Report provides insight on UK bioenergy future

By Energy Technologies Institute | March 23, 2015

Bioenergy has the potential to help secure UK energy supplies, mitigate climate change, and create significant green growth opportunities if deployed effectively, according to a new report from the Energy Technologies Institute.

The Insight into the U.K.’s future bioenergy sector, written by Geraldine Newton-Cross, the ETI’s Bioenergy Strategy Manager, uses learnings from the ETI’s Bioenergy Value Chain Model.

BVCM was designed to model full system bioenergy value chains over the next five decades to identify the most effective way of using bioenergy, taking into account the available resources, the geography of the U.K., time, technology options and logistics networks.

It reaffirms the importance of combining bioenergy with CCS to help meet the UK’s 2050 Climate Change targets through the delivery of negative emissions and suggests that hubs of bioenergy production with CCS are created to produce economically efficient value chains for infrastructure planning.

Gasification is also identified as one of the most flexible, scalable, efficient and cost-effective bioenergy technologies for further development as it can produce multiple energy vectors, including hydrogen and syngas. The report also highlights some of the locational preferences in the U.K. for different bioenergy feedstocks.

Geraldine Newton-Cross, the ETI’s Bioenergy Strategy Manager said, “Deployed effectively, bioenergy has the potential to help secure UK energy supplies, mitigate climate change, and create significant green growth opportunities.

“It could play two important roles as biomass combined with carbon capture and storage remains the only credible way to deliver negative emissions cost effectively and biomass and waste could deliver a significant amount of low -carbon energy in a future UK energy system. Our Bioenergy Value Chain Model is a comprehensive and flexible toolkit that enables us to model how the UK bioenergy sector may develop over the next five decades."

Newton-Cross added that the model helps to inform views on which biomass feedstocks should be grown, when and where, and which technologies are suitable for deployment across the UK to deliver the most valuable energy vectors and emission savings to the future U.K. energy system. “U.K. land is finite and valuable but with the right prioritzsation, the modelling work suggests the country could deliver sufficient sustainably produced biomass feedstock to make a hugely important contribution to the delivery of the UKs overall greenhouse gas emission reduction targets.”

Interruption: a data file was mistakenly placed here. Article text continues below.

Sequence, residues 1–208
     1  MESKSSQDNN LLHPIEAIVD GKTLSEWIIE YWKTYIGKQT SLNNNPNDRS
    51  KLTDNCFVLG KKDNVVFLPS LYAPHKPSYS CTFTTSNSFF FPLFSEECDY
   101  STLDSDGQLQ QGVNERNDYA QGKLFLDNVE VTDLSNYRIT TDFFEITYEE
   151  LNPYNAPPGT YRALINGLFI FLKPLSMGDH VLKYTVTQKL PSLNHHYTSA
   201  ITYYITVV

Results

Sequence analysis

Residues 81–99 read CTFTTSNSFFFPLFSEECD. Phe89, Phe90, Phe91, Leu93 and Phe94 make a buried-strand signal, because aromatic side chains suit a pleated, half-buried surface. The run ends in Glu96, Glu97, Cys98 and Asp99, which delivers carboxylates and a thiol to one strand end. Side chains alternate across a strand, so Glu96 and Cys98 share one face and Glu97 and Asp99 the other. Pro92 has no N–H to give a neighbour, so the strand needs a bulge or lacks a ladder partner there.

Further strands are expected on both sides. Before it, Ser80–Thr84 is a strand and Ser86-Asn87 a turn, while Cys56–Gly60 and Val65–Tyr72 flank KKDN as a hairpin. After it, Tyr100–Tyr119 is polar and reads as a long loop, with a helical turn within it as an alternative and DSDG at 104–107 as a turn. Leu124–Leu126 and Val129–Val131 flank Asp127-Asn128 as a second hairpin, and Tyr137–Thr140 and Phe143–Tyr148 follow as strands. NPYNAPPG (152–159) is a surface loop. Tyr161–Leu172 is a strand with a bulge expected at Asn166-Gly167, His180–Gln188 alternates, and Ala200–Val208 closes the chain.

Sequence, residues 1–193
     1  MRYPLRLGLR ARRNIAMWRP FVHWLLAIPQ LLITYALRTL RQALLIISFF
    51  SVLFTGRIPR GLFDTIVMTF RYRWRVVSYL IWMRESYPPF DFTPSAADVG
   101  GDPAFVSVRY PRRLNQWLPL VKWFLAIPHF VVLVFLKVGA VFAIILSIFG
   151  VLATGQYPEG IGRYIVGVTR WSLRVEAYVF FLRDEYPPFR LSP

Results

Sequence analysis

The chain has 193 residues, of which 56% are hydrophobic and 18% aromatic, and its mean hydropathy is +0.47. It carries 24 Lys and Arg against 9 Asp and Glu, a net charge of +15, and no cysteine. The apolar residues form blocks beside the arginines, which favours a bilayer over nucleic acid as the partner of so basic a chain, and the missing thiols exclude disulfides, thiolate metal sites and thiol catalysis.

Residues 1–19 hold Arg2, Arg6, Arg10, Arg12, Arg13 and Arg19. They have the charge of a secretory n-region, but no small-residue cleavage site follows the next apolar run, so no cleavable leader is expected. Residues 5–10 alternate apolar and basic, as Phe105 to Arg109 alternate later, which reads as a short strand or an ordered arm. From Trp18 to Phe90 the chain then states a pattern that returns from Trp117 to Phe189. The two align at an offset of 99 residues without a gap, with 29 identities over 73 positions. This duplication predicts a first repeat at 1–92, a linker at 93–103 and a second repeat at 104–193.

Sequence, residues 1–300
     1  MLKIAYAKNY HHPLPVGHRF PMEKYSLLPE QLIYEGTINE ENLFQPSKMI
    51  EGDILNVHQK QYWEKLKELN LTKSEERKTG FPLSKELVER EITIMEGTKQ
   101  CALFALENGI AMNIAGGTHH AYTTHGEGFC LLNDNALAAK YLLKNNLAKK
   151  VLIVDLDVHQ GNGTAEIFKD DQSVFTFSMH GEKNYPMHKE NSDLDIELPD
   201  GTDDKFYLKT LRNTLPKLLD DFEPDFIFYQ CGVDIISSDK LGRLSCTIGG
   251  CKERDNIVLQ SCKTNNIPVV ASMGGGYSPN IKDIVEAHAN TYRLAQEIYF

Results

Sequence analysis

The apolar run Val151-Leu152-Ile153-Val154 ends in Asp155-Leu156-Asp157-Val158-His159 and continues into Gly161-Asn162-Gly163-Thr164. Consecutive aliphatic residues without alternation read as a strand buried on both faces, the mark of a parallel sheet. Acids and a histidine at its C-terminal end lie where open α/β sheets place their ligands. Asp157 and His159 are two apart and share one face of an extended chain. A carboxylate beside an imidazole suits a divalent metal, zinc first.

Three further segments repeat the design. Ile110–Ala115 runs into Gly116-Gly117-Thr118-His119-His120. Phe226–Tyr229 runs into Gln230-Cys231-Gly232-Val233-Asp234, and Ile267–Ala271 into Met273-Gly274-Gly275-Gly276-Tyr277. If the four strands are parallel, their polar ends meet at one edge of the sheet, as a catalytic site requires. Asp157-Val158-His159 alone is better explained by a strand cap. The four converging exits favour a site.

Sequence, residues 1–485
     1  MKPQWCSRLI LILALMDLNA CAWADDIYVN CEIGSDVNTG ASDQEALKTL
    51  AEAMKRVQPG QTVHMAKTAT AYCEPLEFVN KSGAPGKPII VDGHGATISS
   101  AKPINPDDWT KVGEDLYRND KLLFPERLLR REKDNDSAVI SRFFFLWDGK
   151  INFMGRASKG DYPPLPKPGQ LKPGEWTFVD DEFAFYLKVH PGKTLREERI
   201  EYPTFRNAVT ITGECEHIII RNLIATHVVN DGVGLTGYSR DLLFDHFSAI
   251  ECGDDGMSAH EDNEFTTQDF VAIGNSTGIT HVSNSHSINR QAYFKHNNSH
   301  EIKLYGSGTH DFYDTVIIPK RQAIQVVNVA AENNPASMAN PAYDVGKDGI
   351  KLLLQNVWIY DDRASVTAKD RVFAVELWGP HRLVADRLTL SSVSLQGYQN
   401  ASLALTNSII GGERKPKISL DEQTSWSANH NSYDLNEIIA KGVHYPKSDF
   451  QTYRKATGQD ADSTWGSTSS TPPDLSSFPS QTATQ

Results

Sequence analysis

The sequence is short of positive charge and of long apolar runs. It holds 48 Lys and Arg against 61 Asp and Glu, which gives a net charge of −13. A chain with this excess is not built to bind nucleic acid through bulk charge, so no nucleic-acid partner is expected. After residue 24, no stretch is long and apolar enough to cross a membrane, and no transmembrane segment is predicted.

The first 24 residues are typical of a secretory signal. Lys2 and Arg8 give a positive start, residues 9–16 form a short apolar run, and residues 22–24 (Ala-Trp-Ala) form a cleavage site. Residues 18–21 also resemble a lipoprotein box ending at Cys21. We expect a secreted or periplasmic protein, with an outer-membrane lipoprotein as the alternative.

The report’s findings include:


* Biomass with carbon capture and storage remains the only credible, cost-effective route to deliver the negative emissions required to help the UK to meet its 2050 emission reduction targets.


* The lowest carbon pathways convert biomass to hydrogen and power, in preference to biomethane and biofuels, although bio-heat could be an important low-carbon pathway where there is demand, and could act as an early market stimulus for UK-grown sustainable biomass feedstocks.


* Gasification is a key technology for developing the bioenergy sector, as it is one of the most flexible, scalable, cost-effective and efficient bioenergy technologies in development.


* Optimal locations for biomass production have been identified, taking in to account the system level trade-offs between where you may get maximum yields, and where you want to convert the feedstocks to energy.


* Identification of the optimal combinations of feedstocks and conversion technologies at the specified locations for CO2 sequestration across the U.K.

The report highlights the most attractive areas for growing crops – the west and northwest of the U.K. for short rotation coppice willow, miscanthus in the south and east of the U.K. and short-rotation forestry in the south and east of the country, based on trade-offs between areas likely to give the better yields and the cost and emissions associated with where demand is greatest.

Hubs of bioenergy production when combined with CCS appear to be efficient value chain options. The report highlights gasification to hydrogen with CCS in the west of England at Barrow-in-Furness and Combined Cycle Gas Turbines running on syngas at Thames and Easington in the east of England as effective combined locations.